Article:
Debate likely to continue well into 2018
By Jeff Simms
If 2018 is anything like 2017, the No. 1 topic of conversation in Beacon — from City Hall to coffee shops and street corners — will be the pace and scale of development.
With around 550 residential units under construction, 100 approved but not yet built and another 400-plus being reviewed, the conversation is far from over. But what else can be said after the issue has packed City Council and Planning and Zoning board meetings for months?
A brief history
Once a thriving industrial river city, Beacon fell on hard times after its factories closed in the 1960s and ’70s. By the early 1990s much of Main Street was deserted, with first-floor apartments, not merchants, in many cases occupying buildings.
In 2003, after the City Council spent several years amending zoning codes to encourage more residential sales, Dia:Beacon opened in the closed Nabisco factory building near Dennings Point. The city became a hub for creative types leaving New York City, and by 2016 Beacon’s first seven-figure condominium was listed for sale.
Last year, with a number of developments in construction and others under review by the Planning Board, a group of residents formed the People’s Committee on Development and began attending city meetings en masse. In September, the City Council adopted a six-month development moratorium because of concerns about Beacon’s long-term water supply.
The results of studies to find new water sources and to determine the maximum population that the city’s water can sustain are expected in the next month.
Planning and development
Dutchess County has created “Centers and Greenspaces” guidelines for several of its municipalities, including Beacon, that suggest where development can be supported by existing infrastructure while retaining agricultural and other open spaces.
In Beacon, the guide is largely in agreement with the city’s comprehensive plan, identifying the east and west ends of Main Street as development centers, with the waterfront and the train station-to-Main Street linkage zone as an emerging center.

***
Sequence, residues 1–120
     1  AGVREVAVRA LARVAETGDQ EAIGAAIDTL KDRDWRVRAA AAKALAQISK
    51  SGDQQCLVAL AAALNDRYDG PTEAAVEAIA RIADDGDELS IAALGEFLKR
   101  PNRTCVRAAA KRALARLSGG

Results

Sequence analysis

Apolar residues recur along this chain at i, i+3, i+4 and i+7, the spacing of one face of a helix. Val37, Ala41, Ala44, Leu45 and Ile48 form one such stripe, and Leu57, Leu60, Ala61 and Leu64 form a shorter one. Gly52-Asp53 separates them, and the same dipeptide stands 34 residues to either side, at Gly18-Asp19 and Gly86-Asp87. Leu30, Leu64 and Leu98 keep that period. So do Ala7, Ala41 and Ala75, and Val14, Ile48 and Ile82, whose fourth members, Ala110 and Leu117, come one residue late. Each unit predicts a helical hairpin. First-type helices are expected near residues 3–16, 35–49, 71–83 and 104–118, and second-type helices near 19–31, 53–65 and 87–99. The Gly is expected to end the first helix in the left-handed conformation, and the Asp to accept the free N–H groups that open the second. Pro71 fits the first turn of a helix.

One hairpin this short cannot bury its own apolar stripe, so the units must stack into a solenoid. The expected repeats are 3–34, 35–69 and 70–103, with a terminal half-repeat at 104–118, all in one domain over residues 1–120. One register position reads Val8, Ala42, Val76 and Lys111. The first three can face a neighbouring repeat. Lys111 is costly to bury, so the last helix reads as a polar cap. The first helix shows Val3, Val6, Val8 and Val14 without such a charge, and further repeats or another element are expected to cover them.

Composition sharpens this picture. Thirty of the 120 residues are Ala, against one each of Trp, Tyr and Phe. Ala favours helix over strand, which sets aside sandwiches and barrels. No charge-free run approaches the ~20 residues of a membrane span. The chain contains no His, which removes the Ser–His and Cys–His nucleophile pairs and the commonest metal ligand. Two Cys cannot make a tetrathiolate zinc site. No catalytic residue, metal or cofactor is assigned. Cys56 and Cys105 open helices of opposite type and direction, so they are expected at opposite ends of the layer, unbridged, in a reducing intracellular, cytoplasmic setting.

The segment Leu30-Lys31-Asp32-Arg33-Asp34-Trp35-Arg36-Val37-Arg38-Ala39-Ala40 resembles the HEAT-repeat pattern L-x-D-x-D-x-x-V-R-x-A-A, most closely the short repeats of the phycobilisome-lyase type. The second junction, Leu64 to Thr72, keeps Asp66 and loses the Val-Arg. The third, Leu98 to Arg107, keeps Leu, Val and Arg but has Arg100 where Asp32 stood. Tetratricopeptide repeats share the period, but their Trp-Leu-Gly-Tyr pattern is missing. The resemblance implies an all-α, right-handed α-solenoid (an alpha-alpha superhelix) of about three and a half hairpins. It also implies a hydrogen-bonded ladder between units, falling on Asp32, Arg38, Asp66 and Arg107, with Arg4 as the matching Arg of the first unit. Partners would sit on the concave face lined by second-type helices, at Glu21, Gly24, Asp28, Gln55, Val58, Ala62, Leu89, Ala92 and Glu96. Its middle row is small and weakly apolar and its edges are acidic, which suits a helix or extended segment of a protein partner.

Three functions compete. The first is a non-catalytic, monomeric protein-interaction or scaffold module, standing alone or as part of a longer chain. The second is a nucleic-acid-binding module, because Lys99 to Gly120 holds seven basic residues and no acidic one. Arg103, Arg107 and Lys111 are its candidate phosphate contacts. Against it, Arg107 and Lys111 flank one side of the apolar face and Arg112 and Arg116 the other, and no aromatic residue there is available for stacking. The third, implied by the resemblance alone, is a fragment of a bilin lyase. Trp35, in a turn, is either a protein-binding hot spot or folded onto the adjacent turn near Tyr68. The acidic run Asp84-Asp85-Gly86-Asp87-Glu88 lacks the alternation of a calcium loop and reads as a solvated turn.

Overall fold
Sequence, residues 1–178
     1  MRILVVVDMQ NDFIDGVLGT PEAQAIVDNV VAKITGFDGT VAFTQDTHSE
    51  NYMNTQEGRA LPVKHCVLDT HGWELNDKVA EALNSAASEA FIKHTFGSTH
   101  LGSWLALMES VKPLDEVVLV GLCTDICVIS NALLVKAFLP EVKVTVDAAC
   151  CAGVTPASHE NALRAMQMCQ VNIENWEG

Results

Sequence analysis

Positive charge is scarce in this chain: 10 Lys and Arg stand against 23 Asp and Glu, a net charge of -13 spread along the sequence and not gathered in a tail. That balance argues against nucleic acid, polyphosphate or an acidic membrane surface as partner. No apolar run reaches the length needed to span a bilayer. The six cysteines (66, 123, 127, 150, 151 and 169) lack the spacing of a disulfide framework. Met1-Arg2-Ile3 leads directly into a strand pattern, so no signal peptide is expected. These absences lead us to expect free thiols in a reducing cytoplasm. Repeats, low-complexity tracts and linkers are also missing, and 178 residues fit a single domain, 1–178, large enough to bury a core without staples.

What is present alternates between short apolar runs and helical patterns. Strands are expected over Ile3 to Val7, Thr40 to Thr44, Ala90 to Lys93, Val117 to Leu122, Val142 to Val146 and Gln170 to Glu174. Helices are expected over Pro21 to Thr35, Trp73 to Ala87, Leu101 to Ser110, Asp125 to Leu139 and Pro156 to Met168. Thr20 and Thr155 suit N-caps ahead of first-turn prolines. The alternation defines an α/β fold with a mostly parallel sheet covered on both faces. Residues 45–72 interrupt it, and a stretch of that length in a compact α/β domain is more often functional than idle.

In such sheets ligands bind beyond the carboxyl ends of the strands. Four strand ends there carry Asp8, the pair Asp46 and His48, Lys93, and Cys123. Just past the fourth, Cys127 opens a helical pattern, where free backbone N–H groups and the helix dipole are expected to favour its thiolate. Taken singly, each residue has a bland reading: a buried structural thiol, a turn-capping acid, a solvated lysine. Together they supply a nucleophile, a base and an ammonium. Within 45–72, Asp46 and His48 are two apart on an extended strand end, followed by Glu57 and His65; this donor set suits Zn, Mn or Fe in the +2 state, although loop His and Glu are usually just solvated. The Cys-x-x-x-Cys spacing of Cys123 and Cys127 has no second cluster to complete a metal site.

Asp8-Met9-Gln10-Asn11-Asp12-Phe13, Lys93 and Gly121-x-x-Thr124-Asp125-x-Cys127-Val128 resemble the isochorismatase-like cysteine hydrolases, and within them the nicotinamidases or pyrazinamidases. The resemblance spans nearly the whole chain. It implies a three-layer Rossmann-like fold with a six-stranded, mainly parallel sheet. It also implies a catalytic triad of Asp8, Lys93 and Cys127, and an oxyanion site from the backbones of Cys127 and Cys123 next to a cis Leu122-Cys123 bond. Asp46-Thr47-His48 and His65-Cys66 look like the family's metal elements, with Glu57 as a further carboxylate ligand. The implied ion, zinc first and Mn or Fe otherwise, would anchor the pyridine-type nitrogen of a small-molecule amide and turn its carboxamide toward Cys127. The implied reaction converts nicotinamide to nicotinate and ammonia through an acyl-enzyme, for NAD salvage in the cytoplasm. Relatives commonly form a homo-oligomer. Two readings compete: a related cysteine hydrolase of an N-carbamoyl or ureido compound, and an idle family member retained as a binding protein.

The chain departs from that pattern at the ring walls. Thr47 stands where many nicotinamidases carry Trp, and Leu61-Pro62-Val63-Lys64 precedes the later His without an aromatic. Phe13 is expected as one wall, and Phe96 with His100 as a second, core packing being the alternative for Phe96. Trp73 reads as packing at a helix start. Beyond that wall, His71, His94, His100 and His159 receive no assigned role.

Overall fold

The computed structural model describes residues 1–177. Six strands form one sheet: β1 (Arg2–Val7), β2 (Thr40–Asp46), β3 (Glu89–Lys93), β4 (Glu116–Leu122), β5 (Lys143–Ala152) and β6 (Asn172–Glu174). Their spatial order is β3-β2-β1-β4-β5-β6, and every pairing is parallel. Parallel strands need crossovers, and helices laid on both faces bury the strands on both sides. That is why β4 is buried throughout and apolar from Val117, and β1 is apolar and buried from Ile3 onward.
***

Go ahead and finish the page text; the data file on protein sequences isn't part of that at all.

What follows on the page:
“Any city goes through a process of understanding what it wants to be, and the comprehensive plan is meant to be the guide that the community relies on for implementing how it will develop,” said Eoin Wrafter, the county’s planning commissioner.
He notes, however, that even with a comprehensive plan — Beacon’s current plan was drafted in 2007 and revised in 2017 — external factors can be unpredictable. For example, high rents and the accessibility afforded by Metro-North led many Brooklynites to relocate to Beacon in the last decade.
Fifteen years earlier, the Taconic State Parkway was the impetus for similar growth spurts in East Fishkill, Lagrange and Beekman, he said.
“The community has to evaluate the pace and the type of development while looking at changing patterns,” Wrafter said. “Then it has to look to its zoning to implement that.”
To that end, Wrafter says that Beacon is on the right path. The City Council began discussing zoning adjustments in the Fishkill Creek district and along Main Street almost immediately after adopting the moratorium last fall.
Density-reducing changes were approved along Fishkill Creek at the end of 2017 and the council is set to continue the Main Street discussion this month.
But what’s not happening in Beacon, says Dan Aymar-Blair, one of the organizers of the People’s Committee on Development, is a more fundamental shift.
“People want to see a significant change in the culture of development,” Aymar-Blair said. “It should be ‘How can development support a community?’ and not just ‘How many units should there be?’ ”
He agrees that development should go where infrastructure can support it, but with a better mix of uses, rather than hundreds of new apartments.
“People want to work here, and it’s a smarter formula for taxes,” he said.